Earlier this year, I had the pleasure of reading Vincent Tirado’s 2022-YA Horror debut, Burn Down, Rise Up.
First, let me say, if you are a YA Horror fan who enjoys stories involving urban legends, settings with a dark history, as well as a deep sense of place in the storytelling, you really should pick that one up.
I had a lot of fun with it and was instantly drawn in by Tirado’s creativity and writing style. I loved how quickly the action kicked off, no wasted time whatsoever.
Additionally, there was some fantastic horror imagery within that story that really got under my skin. Not too long after completing that book, I heard some buzz for Tirado’s latest release, We Don’t Swim Here.
I immediately made it my mission to get my hands on it.
I was so blessed to receive an early copy of the audiobook from Tantor Audio…
And I’m not even lying to you, when I say I listened to it twice this weekend. Explanation as to why I listened twice: I was on a long solo road trip and had a lot of steering wheel time and it was that good.
The narration of the audiobook is FANTASTIC. I absolutely recommend it as a format. The narrator, iiKane, was able to channel a overriding sense of urgency to the entire story. It had my pulse racing, even when nothing overtly scary was happening.
This story follows two cousins, Bronwyn and Anais. Their grandmother, LaLa, is in ill health and because of that, Bronwyn’s father, moves their family to the small Arkansas town, Hillwoods, where he grew up and into LaLa’s house, while she is in hospital.
Anais calls Hillwoods home. Her Dad and Bronwyn’s Dad are brothers, but because their two fathers have a strained relationship, Bronwyn and Anais, don’t know each other all that well, even though they’re cousins.
Bronwyn takes the move pretty well. She’s a good girl. Her biggest disappointment is that she was a really successful swimmer at her old school, and this school doesn’t have a swim team. In fact, in seems like there is no place to swim in the entire town.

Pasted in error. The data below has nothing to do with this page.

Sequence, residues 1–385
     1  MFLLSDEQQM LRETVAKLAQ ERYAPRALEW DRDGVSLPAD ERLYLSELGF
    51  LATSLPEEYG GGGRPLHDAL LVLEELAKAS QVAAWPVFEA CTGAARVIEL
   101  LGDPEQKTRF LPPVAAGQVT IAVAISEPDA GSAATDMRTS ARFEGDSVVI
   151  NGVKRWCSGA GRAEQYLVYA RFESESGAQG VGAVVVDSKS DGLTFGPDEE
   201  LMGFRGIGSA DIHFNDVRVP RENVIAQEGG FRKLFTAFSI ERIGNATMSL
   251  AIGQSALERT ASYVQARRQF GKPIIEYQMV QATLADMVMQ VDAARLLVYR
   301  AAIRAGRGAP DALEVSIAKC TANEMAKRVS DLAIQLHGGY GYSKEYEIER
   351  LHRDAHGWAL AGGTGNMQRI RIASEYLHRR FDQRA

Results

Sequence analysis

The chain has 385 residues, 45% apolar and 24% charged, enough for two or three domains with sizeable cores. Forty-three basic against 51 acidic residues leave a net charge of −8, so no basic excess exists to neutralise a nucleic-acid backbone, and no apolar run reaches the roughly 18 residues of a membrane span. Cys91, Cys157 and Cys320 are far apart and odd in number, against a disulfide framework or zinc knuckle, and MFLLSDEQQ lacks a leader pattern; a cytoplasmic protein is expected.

While that’s a major bummer, as soon as she starts school, Bronwyn is more distracted by how weird everyone is acting to care too much about the whole swimming thing.
One overly-enthusiastic girl befriends her and seems to be hovering around like an annoying fly every time Bronwyn turns around. Additionally, other classmates are super strange and elusive. It’s like they’re all hiding something from her; some giant collective secret.
This story is fast-paced and it involves a lot. That’s why I didn’t mind listening to it two times in a row. I was sure there were little things I might have missed the first time through, in my haste to get to the bottom of what was happening in Hillwoods.
Overall, this is a solid read. It’s quite trope-filled, but honestly, for YA Horror, that’s what I’m here for. It did have some of my favorite things too.
There was a lot of local lore, missing outsiders, odd acting locals, the new girl, a found diary, a nosy reporter digging into the past and an older character guiding the younger ones, whilst also providing a bit of levity.
Mystery, intrigue, dark imagery, a spooky town, it has it all. It felt like a mix of the 90s movie, The Faculty, with Hex by Thomas Olde Heuvelt + diversity. It’s so freaking mysterious. I had no clue what was going on in the beginning and it had me disturbed.
My slight criticism is that it almost did too much. I could have delved more into certain areas, while leaving other areas out, if that makes sense. Digging deeper into certain aspects could have made it feel more tied up at the end; more focused.
This is just my opinion though and at the end of the day, I know nothing of writing and certainly could never have created what Tirado did here. Also, I read it twice and gave it four stars, so clearly, I still really enjoyed it.
For a sophomore novel, this showed growth and I’m super stoked that Tirado stayed in this lane. I’m so glad to have a new voice in the YA Horror space that I can obsess over.
Thank you to the publisher, Tantor Audio, for providing me with a copy to read and review. I definitely recommend this one, as well as Tirado’s debut.
Also, if you have enjoyed Tiffany D. Jackson’s Horror novels, I think you’ll enjoy this as well. The synopsis definitely got that comp right.